Garbage in, but not out: Liang wins Best Practice Award

EAST GREENSBORO, N.C. (April 17, 2019) – Travelers who see a scholarly looking woman picking up Styrofoam cups that have been left behind in their hotel lobby, or digging half-empty plastic water bottles out of the trash, may be curious – but should not be alarmed.

kathleen-liang-350.jpgChances are that the person is North Carolina Agricultural and Technical State University professor Kathleen Liang, Ph.D., and she’s gathering the recyclable items to use as innovative teaching tools.

Nor should they worry about germs. The agribusiness, applied economics and agriscience education professor makes it a point to thoroughly wash the items in her collection before she dumps them out before an audience and asks the crowd to reimagine their possibilities.

That’s just what Liang did recently at the Small Business Institute’s national annual meeting. She dumped the recyclable trash that she’d collected during the course of her trip on the floor in front of the judges of the institute’s annual competition, and challenged them to make something new.

For her ingenuity, she received the institute’s Best Practice Award – for the fourth time.

“It’s a great way to teach about entrepreneurship, which is what I do,” she says. “Everyone else brought their PowerPoint. I showed up with a bunch of garbage.”

The exercise uses a technique called “mind mapping,” a popular behavioral science tool that helps people organize their thoughts beyond note-taking. A “mind map” is a diagram that represents a person’s thoughts about a central concept, and allows for more intuitive, non-linear thinking.

“It sorts out the thinking process and helps you make critical decisions,” Liang says. “Anyone can do it.”

In this case, Liang asked the judges and other participants to survey the pile and write down one thing that they could make from the recyclable materials, with a community charity or organization in mind that could use it, and explain their vision to the others. Then, the participants could go to the garbage, gathering the materials they needed to make their object.

One participant used a cup to make a baby rattle for a children’s hospital. Several drew on the paper, making bookmarks, paper airplanes and other toys. Another used a Styrofoam cup to make a hot or cold-item insulator for a lunchbox.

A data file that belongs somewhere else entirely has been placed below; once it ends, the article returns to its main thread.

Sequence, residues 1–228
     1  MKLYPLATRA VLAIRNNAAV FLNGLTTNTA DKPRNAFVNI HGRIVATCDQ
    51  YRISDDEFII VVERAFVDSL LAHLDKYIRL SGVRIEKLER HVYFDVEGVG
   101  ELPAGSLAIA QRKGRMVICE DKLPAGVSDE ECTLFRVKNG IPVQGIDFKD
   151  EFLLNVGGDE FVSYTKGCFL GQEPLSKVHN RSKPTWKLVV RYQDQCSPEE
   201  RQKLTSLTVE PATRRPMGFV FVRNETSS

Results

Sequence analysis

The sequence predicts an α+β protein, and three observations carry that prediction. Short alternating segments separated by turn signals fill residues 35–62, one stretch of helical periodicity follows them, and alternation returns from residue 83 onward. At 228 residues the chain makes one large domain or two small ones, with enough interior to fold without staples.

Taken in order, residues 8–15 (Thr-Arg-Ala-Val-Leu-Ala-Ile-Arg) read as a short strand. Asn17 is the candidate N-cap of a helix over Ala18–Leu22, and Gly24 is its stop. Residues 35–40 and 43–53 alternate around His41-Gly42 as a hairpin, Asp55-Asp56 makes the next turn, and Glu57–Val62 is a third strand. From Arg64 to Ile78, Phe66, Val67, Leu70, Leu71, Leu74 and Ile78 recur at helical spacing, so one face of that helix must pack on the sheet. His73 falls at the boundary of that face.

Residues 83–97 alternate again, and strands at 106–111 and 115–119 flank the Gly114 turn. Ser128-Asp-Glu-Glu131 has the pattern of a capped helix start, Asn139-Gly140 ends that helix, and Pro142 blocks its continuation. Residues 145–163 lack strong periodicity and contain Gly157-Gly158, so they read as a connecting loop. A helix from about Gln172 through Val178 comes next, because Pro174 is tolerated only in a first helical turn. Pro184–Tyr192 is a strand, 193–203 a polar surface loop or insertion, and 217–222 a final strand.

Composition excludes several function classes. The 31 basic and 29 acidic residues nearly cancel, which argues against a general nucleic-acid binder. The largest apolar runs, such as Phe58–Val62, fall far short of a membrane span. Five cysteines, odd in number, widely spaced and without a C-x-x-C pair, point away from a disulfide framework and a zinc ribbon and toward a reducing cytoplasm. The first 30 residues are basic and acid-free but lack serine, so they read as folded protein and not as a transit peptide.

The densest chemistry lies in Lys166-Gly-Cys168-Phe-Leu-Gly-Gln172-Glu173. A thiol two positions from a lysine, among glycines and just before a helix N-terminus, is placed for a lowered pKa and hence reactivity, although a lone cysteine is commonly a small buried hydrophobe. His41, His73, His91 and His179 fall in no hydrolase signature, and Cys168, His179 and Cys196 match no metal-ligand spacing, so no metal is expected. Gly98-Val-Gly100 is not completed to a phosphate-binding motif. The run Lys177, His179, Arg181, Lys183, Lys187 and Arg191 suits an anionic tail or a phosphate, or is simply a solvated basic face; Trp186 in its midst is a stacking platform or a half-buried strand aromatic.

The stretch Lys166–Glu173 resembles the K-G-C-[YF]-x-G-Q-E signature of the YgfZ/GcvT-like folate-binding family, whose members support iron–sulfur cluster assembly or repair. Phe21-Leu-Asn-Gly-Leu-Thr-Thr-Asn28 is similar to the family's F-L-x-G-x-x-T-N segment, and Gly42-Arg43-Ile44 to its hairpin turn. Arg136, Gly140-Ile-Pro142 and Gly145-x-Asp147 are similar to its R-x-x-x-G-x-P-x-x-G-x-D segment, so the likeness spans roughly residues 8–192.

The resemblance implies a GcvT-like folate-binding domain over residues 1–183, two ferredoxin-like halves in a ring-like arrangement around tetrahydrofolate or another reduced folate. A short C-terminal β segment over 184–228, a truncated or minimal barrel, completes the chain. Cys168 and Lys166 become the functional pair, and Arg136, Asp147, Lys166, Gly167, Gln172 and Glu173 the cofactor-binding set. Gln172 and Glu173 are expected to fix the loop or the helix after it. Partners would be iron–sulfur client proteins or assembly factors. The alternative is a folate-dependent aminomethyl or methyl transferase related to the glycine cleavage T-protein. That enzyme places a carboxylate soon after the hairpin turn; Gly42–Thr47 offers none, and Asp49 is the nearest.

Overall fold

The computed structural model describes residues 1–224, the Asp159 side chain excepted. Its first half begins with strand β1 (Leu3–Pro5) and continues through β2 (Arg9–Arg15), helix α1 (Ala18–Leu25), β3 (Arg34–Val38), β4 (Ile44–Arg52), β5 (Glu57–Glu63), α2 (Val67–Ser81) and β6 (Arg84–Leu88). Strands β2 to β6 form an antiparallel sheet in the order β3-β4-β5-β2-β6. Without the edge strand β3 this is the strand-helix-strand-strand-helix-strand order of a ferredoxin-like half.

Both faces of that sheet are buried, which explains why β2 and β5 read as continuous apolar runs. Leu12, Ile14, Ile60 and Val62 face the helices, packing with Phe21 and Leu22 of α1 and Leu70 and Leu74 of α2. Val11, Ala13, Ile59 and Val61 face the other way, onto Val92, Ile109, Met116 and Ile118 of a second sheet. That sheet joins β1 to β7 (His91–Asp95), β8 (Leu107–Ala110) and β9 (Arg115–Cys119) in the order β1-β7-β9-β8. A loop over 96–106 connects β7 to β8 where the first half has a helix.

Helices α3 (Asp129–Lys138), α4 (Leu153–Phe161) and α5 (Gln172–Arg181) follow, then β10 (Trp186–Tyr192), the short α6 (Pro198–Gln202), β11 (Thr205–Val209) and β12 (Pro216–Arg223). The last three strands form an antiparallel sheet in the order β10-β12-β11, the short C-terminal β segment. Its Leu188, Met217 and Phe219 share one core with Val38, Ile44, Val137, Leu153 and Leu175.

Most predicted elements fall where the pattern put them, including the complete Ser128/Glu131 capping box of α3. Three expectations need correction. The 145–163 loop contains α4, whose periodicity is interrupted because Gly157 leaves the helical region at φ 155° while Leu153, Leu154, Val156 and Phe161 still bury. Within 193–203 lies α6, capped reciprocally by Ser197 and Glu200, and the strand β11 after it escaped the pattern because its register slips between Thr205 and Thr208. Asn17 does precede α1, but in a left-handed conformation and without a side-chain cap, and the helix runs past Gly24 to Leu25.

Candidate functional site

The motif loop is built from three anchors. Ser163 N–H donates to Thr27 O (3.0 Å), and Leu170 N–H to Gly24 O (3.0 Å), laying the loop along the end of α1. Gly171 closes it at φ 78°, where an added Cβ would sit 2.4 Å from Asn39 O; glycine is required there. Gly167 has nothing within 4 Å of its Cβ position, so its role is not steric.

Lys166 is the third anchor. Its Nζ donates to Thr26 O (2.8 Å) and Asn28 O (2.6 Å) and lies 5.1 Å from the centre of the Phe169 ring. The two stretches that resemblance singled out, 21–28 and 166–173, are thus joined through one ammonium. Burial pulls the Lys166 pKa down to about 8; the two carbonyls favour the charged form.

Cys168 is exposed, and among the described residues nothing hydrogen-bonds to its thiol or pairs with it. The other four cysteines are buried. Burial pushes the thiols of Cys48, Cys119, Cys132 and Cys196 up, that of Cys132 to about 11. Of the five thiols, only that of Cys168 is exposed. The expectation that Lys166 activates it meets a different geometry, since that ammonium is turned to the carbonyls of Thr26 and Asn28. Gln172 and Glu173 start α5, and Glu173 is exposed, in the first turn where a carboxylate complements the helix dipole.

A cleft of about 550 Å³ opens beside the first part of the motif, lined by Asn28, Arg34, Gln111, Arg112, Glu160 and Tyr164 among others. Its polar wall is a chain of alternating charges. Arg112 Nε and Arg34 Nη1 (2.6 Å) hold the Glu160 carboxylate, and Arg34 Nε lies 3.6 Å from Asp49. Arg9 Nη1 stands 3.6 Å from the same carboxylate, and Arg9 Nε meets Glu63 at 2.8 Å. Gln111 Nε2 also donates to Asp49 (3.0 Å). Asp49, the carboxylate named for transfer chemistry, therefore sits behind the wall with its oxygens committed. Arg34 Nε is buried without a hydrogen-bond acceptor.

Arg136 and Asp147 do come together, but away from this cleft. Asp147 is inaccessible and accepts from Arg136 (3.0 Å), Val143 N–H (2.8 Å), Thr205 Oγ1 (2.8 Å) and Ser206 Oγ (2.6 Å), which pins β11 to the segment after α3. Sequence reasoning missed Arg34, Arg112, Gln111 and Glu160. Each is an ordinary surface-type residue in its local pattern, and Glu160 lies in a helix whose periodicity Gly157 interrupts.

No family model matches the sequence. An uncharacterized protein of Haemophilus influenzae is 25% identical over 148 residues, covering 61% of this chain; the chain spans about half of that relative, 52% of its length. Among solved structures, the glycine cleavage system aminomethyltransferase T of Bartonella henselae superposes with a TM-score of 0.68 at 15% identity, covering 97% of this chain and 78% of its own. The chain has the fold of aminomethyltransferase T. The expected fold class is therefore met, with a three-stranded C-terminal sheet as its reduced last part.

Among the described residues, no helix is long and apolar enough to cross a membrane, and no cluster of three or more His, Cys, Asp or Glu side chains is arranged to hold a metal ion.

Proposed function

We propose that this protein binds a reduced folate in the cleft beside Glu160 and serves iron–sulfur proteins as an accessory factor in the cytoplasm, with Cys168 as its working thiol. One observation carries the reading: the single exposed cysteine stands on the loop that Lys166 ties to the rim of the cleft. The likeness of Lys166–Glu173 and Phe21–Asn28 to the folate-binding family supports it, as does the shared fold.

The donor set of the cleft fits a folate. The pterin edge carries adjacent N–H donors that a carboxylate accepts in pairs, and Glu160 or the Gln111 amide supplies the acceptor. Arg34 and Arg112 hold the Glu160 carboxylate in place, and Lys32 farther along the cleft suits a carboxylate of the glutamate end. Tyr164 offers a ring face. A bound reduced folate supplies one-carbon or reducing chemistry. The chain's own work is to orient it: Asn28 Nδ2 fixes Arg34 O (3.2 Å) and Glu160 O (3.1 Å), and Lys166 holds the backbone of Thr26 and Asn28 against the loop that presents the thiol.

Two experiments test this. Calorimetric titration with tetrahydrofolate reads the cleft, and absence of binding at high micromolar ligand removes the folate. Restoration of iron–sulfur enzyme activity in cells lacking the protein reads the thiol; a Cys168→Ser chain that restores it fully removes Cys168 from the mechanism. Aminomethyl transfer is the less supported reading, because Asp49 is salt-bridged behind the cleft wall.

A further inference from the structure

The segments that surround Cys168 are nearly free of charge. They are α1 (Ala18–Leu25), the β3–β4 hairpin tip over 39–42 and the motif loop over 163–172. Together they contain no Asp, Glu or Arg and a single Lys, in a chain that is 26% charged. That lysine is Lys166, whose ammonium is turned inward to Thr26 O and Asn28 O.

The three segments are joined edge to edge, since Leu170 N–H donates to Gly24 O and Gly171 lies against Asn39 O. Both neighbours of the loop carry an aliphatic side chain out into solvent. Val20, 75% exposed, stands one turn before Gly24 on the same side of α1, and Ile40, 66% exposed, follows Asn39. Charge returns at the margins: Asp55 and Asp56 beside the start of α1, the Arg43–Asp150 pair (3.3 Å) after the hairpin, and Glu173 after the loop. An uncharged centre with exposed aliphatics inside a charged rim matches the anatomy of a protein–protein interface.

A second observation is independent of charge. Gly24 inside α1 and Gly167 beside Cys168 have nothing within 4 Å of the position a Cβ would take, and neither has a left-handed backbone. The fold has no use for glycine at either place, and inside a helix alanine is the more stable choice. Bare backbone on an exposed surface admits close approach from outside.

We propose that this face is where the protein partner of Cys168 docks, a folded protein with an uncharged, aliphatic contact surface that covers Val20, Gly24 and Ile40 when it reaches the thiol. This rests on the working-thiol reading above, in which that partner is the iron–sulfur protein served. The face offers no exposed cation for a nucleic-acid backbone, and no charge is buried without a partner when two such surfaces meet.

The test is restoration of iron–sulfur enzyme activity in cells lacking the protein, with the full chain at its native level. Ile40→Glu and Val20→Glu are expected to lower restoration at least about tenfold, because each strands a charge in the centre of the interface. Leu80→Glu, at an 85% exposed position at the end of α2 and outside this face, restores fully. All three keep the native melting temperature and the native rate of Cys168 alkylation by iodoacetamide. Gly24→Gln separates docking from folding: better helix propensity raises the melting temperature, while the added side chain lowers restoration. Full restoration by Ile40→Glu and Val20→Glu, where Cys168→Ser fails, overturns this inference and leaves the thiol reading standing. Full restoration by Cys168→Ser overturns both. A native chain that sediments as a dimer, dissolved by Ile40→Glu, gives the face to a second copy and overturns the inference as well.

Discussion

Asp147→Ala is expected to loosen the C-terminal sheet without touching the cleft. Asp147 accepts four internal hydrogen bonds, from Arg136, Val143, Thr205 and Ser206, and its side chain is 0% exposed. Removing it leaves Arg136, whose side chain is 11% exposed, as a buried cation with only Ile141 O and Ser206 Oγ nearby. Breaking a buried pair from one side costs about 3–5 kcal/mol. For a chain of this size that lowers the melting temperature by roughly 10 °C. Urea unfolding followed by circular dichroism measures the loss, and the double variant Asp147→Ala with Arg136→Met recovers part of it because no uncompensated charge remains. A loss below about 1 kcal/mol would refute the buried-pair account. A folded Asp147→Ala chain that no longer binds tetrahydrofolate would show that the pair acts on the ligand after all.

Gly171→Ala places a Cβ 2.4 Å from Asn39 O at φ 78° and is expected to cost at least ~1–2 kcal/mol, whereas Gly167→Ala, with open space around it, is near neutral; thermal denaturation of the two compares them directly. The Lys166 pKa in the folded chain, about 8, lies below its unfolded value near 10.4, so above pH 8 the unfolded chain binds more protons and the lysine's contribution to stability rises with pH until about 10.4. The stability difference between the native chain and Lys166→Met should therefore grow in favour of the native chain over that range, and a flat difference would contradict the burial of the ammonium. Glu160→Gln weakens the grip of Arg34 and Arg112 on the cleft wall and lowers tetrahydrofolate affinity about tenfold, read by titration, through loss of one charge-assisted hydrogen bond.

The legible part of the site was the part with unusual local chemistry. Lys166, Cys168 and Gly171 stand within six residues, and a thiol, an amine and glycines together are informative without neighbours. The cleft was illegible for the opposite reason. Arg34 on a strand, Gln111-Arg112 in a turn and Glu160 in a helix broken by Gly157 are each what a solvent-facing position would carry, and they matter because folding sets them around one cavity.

That whole process only took about 15 minutes. But Liang wasn’t finished.

“In society, one person doesn’t make one thing at a time,” Liang says. “You have to have teamwork.”

And so, each participant had to find a partner willing to combine their products to create a new, better item.

In the exercise’s final step, all participants worked together to combine all the items to make one new item that would best suit the needs of the recipient, explaining and justifying their actions as they did so. They enjoyed the exercise ... so much so that Liang won the competition.

In the entrepreneurship classes Liang teaches, the exercise helps students, who may not be prepared to participate in service learning-type agreements, to ease into working relationships and communicate effectively. The exercise is part of her award-winning Dollar Enterprise curriculum, in which teams of students create sellable items with only $1 as start-up money. Last year, the teams sent $591.44 to the Tim and Carolynn Rice Center for Child and Adolescent Health, part of the Cone Health medical group.

Since 1998, Liang says, she has conducted this exercise with more than 10,000 individuals while teaching service learning and entrepreneurship to students and non-academic audiences alike.

“Students learn to work with clients in a trustworthy, calm, comfortable manner,” Liang says. “Even better, we don’t need to rely on phones, tablets, computers – even pens or pencils – to design effective products. We only need the recycled materials around us. How cool is that?”